Adenoiditis historical perspective

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Adenoiditis Microchapters


Patient Information


Historical Perspective




Differentiating Adenoiditis from other Diseases

Epidemiology and Demographics

Risk Factors


Natural History, Complications and Prognosis


Diagnostic Criteria

History and Symptoms

Physical Examination

Laboratory Findings

X Ray



Other Imaging Findings

Other Diagnostic Studies


Medical Therapy


Primary Prevention

Secondary Prevention

Cost-Effectiveness of Therapy

Future or Investigational Therapies

Case Studies

Editor-In-Chief: C. Michael Gibson, M.S., M.D. [1];Associate Editor(s)-in-Chief: Mahshid Mir, M.D. [2]


Adenoiditis was first discovered by Willhelm Meyer in 1800. Adenoids were thought to be a part of tonsills and adenotonsillectomy has been performed for at least 2000 years.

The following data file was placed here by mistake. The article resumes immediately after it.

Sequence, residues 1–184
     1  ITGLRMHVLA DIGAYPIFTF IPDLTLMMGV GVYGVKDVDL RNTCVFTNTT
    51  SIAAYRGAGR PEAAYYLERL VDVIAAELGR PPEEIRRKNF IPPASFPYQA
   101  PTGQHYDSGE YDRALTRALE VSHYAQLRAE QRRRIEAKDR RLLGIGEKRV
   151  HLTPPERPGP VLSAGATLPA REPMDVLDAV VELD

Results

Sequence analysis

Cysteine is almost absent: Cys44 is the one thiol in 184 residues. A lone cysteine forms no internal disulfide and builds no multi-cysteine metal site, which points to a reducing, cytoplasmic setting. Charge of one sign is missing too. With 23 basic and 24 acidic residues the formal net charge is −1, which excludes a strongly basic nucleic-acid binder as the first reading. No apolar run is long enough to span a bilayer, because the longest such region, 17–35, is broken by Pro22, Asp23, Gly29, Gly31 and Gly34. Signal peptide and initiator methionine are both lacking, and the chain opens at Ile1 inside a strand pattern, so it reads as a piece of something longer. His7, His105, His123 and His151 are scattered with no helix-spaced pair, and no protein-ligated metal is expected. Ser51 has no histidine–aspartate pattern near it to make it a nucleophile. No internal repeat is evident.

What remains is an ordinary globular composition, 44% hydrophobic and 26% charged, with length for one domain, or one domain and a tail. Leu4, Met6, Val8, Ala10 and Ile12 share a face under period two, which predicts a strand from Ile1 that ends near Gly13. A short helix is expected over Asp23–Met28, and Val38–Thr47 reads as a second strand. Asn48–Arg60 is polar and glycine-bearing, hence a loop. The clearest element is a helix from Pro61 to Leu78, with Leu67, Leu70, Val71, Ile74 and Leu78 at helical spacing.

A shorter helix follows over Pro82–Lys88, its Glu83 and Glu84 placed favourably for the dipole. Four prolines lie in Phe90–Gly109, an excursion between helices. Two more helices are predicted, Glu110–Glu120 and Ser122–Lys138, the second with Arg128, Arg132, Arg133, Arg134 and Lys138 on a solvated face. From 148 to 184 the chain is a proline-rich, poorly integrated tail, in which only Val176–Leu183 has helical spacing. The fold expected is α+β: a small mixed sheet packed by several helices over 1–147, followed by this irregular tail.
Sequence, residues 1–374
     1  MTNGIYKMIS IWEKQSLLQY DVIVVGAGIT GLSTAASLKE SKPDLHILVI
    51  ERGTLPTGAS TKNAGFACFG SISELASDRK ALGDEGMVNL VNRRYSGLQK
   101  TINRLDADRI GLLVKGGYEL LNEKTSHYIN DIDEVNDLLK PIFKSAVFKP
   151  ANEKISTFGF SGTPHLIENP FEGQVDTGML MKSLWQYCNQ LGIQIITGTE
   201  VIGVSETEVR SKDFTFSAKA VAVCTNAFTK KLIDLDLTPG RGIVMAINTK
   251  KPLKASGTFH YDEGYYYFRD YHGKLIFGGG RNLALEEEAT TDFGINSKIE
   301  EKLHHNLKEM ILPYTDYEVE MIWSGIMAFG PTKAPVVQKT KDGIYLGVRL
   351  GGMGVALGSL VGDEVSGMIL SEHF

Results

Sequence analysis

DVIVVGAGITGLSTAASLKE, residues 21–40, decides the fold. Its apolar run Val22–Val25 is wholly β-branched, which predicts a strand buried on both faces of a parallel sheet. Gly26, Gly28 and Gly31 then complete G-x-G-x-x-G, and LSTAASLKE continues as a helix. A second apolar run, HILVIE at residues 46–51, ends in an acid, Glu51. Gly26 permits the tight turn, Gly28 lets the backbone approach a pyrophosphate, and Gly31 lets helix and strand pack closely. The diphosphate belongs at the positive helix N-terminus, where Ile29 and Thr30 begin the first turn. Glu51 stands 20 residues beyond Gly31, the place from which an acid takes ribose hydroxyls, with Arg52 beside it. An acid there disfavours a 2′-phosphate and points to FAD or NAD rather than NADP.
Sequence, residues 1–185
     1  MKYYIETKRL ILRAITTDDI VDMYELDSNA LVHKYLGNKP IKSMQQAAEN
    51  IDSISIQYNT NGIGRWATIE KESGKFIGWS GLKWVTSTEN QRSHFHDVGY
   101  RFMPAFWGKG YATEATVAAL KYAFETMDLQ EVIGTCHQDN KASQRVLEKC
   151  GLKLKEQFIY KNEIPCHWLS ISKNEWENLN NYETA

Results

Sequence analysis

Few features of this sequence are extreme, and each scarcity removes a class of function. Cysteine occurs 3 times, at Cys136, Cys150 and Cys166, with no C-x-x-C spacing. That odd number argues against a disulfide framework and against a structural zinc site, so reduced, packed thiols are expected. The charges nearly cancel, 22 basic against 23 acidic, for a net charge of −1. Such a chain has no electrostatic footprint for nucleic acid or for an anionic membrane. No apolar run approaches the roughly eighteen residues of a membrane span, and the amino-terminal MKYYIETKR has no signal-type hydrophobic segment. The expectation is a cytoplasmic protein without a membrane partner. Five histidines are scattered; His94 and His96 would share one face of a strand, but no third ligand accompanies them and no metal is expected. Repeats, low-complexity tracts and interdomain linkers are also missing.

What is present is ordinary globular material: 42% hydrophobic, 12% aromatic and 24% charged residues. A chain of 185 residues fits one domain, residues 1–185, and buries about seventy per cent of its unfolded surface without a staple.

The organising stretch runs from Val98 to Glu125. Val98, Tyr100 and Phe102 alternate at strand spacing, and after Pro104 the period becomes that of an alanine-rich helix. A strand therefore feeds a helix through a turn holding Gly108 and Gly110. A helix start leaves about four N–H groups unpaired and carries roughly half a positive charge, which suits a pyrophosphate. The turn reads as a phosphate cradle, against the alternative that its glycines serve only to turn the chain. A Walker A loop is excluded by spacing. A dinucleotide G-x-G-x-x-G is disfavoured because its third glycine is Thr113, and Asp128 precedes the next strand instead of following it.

Historical Perspective

  • Cornelius Caesus in A.D 30. explained that tonsils are covered by a membrane and require to be separated and extracted by a process called tonsillectomy. This encyclopedia was recovered in 1478 in Papal library, after being lost for 1400 years.[1]
  • Adenoids were thought to be a part of tonsills and responsible for the symptoms of nasal congestion and obstruction. As a result adenotonsillectomy has been performed for at least 2000 years.[1]
  • In the sixth and seventh centuries Aetius and Paul described surgical treatment of adenotonsillitis, as one of the most ancient surgical procedures.
  • In the early beginning of 19th century, adenoid and tonsill tissue were known as remnants of an unknown infectious disease, and so they were removed with adenotonsillectomy.[1]
  • Willhelm Meyer of Copenhagen, Denmark in 1800 first described adenoiditis due to adenoid vegetations responsible for nasal symptoms and impaired hearing. It is believed that Meyer was the first one who performed an adenoidectomy separately.[2]


  1. 1.0 1.1 1.2 Kamel RH, Ishak EA (1990). "Enlarged adenoid and adenoidectomy in adults: endoscopic approach and histopathological study". J Laryngol Otol. 104 (12): 965–7. PMID 2280151.
  2. Semon F (1997). "Speech made at the unveiling of the Wilhelm Meyer monument, at Copenhagen". Laryngoscope. 107 (3): 307–9. PMID 9121303.